Now that we have an idea of how RF signals and the affects of signal blocking work let’s see what solutions are available for building owners and facility managers to combat poor in-door cellular signals. There are a number of solutions from wi-fi calling, small cells to DAS systems.  Each of these has their pros and cons depending on the buildings size, requirements and budget. 

 

Wi-Fi is a well-known protocol for connecting, sending and delivering information between devices.  What’s not commonly known is that the latest smartphones can take advantage of Wi-Fi for connecting to the internet to make voice calls.  This feature is probably the most economical for building owners and facility managers to implement as most buildings have this infrastructure already in place.  All that is needed is to turn on Wi-Fi calling on the device and the network administrator to allow access on their network.  However there are a few downsides to this solution.  First, Wi-Fi was not intended for voice communications, but rather for data traffic.  If the Enterprise needs to dedicate channels for voice this could cause significant data service interruptions or slowdowns.  And since Wi-Fi is unlicensed spectrum the susceptibility to interference from other signals such as computers, other Wi-Fi networks, etc. could cause poor reception or call quality.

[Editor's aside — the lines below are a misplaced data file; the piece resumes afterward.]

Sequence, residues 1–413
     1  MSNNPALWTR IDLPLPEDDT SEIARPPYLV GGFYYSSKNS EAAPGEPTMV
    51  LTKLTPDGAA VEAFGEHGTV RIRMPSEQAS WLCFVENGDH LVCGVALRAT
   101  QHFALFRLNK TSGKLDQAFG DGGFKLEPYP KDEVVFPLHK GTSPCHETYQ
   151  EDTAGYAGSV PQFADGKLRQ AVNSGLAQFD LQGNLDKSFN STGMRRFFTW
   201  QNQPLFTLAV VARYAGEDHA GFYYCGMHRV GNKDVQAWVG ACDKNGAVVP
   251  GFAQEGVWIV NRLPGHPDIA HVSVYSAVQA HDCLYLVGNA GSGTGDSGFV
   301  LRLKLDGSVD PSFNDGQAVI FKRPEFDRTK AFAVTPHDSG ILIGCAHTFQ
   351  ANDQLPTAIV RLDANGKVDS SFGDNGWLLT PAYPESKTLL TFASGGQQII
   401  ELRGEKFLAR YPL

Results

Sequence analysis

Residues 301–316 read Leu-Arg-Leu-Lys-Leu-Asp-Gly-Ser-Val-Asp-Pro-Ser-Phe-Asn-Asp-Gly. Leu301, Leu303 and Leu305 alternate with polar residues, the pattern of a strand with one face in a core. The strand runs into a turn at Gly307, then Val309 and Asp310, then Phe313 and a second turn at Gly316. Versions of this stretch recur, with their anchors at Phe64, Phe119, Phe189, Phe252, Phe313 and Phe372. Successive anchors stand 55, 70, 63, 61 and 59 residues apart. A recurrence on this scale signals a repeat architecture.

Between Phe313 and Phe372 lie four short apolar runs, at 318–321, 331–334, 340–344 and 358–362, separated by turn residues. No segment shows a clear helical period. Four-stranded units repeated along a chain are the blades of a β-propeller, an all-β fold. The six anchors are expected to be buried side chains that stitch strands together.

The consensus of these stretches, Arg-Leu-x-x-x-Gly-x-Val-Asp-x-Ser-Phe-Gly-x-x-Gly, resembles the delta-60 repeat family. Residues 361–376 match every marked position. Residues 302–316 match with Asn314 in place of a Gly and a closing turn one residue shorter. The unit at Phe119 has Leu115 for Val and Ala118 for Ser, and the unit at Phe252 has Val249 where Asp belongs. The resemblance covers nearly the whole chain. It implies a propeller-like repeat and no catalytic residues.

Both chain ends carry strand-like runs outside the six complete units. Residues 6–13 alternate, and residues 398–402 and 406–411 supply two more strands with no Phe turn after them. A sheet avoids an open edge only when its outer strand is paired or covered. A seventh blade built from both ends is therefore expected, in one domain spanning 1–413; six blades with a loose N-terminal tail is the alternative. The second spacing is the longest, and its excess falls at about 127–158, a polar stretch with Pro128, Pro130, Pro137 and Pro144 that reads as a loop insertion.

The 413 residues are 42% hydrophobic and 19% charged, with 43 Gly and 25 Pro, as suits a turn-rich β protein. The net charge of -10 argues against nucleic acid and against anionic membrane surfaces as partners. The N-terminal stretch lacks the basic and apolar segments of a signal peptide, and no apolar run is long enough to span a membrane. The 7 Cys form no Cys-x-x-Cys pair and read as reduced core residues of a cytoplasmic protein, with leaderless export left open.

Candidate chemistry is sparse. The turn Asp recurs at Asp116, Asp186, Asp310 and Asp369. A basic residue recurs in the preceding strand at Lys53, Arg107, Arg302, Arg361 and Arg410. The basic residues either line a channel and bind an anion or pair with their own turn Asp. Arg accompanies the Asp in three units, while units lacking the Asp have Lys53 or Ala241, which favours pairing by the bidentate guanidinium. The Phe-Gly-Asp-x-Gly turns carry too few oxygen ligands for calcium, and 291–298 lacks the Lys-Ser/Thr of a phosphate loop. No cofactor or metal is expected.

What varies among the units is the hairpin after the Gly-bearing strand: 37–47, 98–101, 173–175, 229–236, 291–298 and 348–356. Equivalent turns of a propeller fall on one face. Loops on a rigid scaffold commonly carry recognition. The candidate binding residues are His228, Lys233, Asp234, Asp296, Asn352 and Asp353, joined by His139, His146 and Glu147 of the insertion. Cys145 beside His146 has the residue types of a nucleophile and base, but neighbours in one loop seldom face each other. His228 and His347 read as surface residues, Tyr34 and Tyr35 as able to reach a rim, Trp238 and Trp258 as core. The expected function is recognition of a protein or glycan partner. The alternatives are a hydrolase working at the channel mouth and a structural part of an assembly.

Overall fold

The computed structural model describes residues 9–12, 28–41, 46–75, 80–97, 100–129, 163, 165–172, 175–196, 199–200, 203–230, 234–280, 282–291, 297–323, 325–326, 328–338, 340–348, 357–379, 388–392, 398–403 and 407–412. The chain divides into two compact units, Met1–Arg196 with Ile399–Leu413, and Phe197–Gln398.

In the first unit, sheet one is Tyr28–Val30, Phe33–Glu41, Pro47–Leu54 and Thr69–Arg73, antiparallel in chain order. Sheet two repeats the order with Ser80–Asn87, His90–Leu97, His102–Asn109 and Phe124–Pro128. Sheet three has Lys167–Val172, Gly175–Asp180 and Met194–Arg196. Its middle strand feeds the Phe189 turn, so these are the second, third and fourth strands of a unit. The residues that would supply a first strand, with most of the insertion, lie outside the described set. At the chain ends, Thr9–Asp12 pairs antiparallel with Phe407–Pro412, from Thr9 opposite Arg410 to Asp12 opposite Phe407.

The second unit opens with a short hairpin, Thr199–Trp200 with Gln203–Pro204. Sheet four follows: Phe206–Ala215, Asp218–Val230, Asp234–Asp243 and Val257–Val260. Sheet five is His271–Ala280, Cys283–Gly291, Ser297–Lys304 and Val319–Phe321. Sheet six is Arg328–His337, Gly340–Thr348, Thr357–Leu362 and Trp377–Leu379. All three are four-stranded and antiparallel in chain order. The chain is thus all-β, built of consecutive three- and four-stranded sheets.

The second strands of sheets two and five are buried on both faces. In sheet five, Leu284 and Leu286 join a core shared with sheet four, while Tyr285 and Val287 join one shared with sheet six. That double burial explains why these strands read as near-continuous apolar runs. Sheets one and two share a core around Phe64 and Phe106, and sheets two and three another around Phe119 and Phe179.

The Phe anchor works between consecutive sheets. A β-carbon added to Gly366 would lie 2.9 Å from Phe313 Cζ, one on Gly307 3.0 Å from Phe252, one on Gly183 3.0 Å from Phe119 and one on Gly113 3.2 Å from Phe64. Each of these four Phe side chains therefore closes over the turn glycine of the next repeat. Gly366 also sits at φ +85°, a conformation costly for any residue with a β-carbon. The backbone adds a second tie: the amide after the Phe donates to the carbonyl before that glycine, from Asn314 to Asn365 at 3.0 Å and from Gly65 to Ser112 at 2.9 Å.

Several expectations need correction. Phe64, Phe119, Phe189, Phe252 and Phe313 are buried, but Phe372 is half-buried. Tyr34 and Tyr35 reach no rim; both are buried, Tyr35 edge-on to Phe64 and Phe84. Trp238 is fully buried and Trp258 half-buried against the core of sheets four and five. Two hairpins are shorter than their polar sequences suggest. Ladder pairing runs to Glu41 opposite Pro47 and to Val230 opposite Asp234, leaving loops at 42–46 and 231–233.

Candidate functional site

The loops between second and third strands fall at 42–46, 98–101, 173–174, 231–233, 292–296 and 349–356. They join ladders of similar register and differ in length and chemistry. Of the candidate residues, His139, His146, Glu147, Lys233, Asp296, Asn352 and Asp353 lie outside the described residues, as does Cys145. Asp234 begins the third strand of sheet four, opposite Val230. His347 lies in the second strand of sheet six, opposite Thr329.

Secondly is that the buildings’ Wi-Fi infrastructure needs to be comprehensive enough so that there aren’t any ‘dead spots’ where a call could get dropped.  A large building that has many tenants might not be a good fit as the user would only be able to connect in a small area.  Finally, there is the operation of hand-offs.  Typically when a cell user is talking and moving outside, the cell tower and others around them are constantly communicating in case the user goes out of reach of the current tower.  If that happens another cell tower takes over and the first tower ‘hands-off’ the communication responsibility to the second tower.  However, if a user is inside a building on Wi-Fi then exits the building or goes out of range of the AP (Access Point), there may not be a cell tower for the call to hand off to, and therefore the call is dropped.  This last point is probably the most important reason that Wi-Fi calling should be the last option to solve in-building signal issues as it doesn’t truly solve the problem. In addition, not all operators provide for Wi-Fi calling; and, some that do only allow it if the cellular device is purchased from them.